Sedimentology: from single grains to recent and past environments: some trends in sedimentology in the twentieth century
Eugen Seibold, Ilse Seibold, 2002. "Sedimentology: from single grains to recent and past environments: some trends in sedimentology in the twentieth century", The Earth Inside and Out: Some Major Contributions to Geology in the Twentieth Century, David R. Oldroyd
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Before 1900, Henry Clifton Sorby, the ‘founder of sedimentary petrography’, covered many aspects of the study of sedimentary rocks. During the first half of the twentieth century, there followed numerous detailed descriptions of such rocks and actualistic ideas were increasingly introduced. Specialization began between the two World Wars. The use of single grains and their statistical evaluation, especially of heavy minerals, and the investigation of clay minerals, were stimulated by the needs of the oil industry, together with regional descriptions, including facies studies on land and on the sea bottom. Specialization further increased between 1945 and 1968, with an explosion of publications. Ongoing field and laboratory studies, and new concepts such as the origin of turbidites, or diagenesis — especially in carbonate rocks — were treated in much greater detail. Again the oil industry was one of the major driving forces. Since 1968, global aspects gained greater attention, as for example with the Deep-sea Drilling Project. Geophysics contributed to facies and basin analysis. Extraterrestrial factors such as variation in Earth's orbit or bolide impacts, and their indications in sediments, came to be considered important for understanding world climates, and also evolution. Cross-disciplinary and international approaches have become, and continue to be, of growing importance.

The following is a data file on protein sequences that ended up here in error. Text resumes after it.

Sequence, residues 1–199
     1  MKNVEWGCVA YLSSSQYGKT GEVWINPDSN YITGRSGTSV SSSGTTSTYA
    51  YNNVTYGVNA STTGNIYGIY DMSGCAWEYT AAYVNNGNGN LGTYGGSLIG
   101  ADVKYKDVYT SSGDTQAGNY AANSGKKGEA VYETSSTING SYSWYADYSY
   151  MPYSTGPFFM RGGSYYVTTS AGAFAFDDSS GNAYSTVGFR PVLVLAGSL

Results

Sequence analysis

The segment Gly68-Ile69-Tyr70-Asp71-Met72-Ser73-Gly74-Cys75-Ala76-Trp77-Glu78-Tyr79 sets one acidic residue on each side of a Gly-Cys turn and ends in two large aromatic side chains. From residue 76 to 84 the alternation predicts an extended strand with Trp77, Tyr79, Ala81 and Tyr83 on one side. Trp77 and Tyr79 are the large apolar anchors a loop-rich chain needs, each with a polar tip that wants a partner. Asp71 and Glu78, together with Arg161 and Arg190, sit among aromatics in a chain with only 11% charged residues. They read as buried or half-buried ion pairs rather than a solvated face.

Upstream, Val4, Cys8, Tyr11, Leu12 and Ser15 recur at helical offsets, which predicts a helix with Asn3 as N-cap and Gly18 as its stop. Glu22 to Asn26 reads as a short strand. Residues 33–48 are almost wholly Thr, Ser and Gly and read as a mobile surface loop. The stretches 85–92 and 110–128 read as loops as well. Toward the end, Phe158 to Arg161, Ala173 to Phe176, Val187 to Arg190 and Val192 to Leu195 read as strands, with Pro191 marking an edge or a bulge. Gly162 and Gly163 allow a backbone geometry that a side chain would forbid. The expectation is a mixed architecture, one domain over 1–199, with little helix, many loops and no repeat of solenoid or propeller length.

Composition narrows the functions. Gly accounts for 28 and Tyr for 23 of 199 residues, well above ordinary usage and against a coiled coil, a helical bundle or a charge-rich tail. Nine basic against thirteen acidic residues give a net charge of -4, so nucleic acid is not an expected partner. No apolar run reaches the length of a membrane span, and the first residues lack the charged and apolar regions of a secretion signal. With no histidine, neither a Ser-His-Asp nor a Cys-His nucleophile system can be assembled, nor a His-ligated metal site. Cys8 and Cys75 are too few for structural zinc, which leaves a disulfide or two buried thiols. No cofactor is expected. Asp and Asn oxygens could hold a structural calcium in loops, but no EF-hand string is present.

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This volume is a collection of papers on the history of twentieth century geology, of which eight were presented at a Symposium organized by the International Commission on the History of Geological Sciences (INHIGEO) for the International Geological Congress at Rio de Janeiro in 2000.
The book offers a conspectus of selected developments of twentieth century geology. It has grown from largely a field discipline, chiefly concerned with rocks at the Earth's surface, to one that extends to the planet's interior, and to space beyond. New ideas, instruments, and techniques have extended the scope of earth science to the macro and the micro. Theories abound. One paper raises some of the social and political problems faced by modern geology.
The volume is intended as a prolegomenon to some future synthetic understanding of twentieth century earth sciences. It should appeal to a wide range of geoscientists and historians of science.